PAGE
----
February 29, 2016
Relatives of Russian mineworkers killed in a series of explosions at the Severnaya mine in Vorkuta, north of the Arctic circle, are demanding legal action against managers who repeatedly violated safety procedures.
Four miners died on Thursday 25 February as a result of two underground explosions of methane gas. Twenty-six more men were trapped underground: on Sunday 28 February,
Rescue teams arriving at Severnaya mine on Thursday 25 February. Photo by Vladimir Yurlov/ TASS
media reported that hope of finding them alive had faded. Also on Sunday, five rescue workers and a miner were killed in a further explosion.
By midday Sunday 300 people had signed a petition launched by the victims’ relatives to Aleksandr Bastrykin, head of Russia’s state investigation committee, demanding that mine managers be prosecuted.
“The [first] explosion came as no surprise: the detectors had for a long time shown an excess of methane”, the petition states. “Work should not have continued at the time. This is a crude breach of safety procedures. Management knew this, but continued to allow people underground.”
On Thursday, workers on the surface believed there had been a movement of rock strata underground. On Friday the press service of the Vorkutaugol company, which owns the mine Read the rest of this entry »
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Posted by Gabriel Levy
February 17, 2016
The Russian performance artist Pyotr Pavlensky has been sent to the notorious Serbsky Institute of psychiatry, and his family and lawyers are worried about him. [Update, 23 February. Pavlensky has been returned from the institute to prison, Novaya Gazeta is reporting (Russian only).]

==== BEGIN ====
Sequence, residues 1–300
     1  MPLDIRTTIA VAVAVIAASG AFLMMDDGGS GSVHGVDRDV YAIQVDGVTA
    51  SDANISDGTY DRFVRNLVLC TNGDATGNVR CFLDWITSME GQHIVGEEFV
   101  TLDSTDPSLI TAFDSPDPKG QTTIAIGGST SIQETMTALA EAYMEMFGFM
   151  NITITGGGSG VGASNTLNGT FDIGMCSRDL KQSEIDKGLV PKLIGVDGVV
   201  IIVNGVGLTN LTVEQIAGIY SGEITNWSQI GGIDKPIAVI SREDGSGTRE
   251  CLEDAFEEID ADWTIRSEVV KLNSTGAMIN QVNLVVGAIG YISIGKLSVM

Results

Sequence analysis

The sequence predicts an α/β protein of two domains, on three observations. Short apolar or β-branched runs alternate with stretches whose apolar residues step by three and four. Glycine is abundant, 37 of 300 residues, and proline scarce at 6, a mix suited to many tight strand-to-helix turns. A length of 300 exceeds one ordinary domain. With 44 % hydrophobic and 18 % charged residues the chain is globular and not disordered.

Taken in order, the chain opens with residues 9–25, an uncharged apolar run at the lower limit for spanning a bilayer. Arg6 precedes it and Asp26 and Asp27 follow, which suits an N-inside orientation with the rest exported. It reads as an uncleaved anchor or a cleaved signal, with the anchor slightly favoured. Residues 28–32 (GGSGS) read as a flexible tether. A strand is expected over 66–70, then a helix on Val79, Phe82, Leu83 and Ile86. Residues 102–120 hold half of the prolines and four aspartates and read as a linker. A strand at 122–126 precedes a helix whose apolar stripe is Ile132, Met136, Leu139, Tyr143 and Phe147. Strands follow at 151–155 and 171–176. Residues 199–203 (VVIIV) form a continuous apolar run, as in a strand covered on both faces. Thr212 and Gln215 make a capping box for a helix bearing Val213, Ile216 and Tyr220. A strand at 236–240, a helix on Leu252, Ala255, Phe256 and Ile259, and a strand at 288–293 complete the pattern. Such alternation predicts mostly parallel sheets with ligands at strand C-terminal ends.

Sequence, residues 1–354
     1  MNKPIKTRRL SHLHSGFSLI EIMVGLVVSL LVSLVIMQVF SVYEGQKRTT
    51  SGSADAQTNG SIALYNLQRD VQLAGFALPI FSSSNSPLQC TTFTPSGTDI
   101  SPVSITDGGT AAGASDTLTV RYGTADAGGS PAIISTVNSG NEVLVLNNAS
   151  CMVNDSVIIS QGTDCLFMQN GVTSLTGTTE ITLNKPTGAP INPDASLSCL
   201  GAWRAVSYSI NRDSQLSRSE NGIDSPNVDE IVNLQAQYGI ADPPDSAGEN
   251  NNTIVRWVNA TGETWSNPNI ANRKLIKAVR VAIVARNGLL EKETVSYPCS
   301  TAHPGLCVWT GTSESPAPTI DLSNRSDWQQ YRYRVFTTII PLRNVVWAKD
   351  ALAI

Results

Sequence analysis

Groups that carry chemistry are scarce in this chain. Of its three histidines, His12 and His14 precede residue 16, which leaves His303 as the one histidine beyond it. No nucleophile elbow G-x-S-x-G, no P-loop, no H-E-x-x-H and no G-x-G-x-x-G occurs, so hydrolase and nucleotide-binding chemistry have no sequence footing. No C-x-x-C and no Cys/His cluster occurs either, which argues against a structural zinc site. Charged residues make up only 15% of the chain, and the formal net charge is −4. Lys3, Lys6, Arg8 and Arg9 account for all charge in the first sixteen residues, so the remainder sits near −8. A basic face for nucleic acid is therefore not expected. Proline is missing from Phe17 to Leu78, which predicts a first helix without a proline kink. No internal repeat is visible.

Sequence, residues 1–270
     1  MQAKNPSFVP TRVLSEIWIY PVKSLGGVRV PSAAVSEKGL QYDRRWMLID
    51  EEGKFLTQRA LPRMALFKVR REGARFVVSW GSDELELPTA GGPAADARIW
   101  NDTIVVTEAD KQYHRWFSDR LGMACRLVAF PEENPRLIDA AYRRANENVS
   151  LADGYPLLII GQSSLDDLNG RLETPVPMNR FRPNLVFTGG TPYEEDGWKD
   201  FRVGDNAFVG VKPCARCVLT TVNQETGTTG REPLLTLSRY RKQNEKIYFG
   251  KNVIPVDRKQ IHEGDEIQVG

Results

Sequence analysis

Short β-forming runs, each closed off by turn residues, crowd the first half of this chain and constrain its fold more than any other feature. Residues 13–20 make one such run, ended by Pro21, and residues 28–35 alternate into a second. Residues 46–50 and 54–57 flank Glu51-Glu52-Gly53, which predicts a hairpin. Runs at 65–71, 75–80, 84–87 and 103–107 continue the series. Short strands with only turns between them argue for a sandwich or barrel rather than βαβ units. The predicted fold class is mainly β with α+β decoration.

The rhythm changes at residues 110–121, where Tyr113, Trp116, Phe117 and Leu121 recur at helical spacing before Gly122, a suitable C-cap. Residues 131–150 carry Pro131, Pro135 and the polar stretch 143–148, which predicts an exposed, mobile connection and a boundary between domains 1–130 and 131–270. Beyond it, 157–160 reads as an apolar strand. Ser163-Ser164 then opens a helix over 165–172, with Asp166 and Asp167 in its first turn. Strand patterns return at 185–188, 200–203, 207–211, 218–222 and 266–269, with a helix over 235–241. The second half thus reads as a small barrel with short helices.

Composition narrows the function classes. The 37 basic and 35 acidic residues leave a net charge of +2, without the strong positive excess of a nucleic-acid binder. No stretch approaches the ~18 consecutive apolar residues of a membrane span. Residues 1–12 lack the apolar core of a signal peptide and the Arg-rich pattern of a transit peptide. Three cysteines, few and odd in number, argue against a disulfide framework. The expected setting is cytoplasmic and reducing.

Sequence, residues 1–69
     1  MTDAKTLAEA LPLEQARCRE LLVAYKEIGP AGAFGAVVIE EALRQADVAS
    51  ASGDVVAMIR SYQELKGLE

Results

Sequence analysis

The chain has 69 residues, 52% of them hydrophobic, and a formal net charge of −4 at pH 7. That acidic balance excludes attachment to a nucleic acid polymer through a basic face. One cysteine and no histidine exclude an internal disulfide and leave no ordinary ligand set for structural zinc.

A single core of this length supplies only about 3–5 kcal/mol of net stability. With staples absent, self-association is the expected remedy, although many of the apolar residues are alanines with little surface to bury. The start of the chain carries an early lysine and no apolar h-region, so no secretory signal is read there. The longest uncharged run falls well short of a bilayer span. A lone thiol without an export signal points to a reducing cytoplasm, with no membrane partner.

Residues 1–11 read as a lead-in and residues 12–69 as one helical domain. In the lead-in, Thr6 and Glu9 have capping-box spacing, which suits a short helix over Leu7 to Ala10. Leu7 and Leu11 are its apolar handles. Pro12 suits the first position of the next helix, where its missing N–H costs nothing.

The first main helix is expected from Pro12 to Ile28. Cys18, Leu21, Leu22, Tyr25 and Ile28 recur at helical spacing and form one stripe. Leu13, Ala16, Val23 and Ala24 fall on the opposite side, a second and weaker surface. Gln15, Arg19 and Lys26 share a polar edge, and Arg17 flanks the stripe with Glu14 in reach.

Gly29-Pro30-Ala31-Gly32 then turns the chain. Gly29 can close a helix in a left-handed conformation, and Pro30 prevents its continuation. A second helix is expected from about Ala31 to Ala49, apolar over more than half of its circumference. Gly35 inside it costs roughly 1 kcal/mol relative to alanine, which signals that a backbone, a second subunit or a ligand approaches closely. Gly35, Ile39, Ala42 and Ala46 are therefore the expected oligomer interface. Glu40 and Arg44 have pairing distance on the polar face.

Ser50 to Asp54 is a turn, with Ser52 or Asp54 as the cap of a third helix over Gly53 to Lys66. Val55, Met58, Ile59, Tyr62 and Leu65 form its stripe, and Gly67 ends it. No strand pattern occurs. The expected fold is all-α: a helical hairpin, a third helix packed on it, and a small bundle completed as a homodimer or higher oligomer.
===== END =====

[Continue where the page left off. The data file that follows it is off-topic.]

On 9 November Pavlensky poured petrol over the doors of the infamous federal security services (FSB) building at Lubyanka square in central Moscow and set fire to them. He named the action Threat [Ugroza]: friends photographed and filmed him as the flames took hold. (Damage was done, but no-one was hurt.) Pavlensky was arrested soon afterwards.
The FSB’s building was inherited directly from the Soviet KGB. Thousands of the regime’s political opponents were tortured and killed behind its austere façade.
Pavlensky has been charged with “vandalism motivated by ideological hatred”, whatever that means, and appeared at the Tagansky district court several times. At his first appearance he compared his case to those of Crimean activists jailed on false “terrorism” charges – including Oleksandr Kolchenko and Oleg Sentsov – and said he would not address the court further.
Oleksei Chirniy, who was charged along with Kolchenko and Sentsov, was also detained at the Serbsky institute prior to his trial. His supporters alleged he had been mistreated with psychotropic drugs.
Pavlensky is also awaiting trial for charges arising from an earlier performance, “Freedom” (“Svoboda”). In February 2014, days after the removal of Ukrainian president Viktor
Separation (Otdelenie). Pavel Pavlensky protesting against punishment psychiatry, October 2014. Photo from the Calvert journal site
Yanukovich, he went with collaborators he went to Malyi Koniushennyi bridge in St Petersburg, setting light to car tyres and banging dustbin lids, to recreate the atmosphere of the Maidan demonstrations in Kyiv.
Pavlensky was sent to the Serbsky State Scientific Centre for Social and Forensic Psychiatry Read the rest of this entry »
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Posted by Gabriel Levy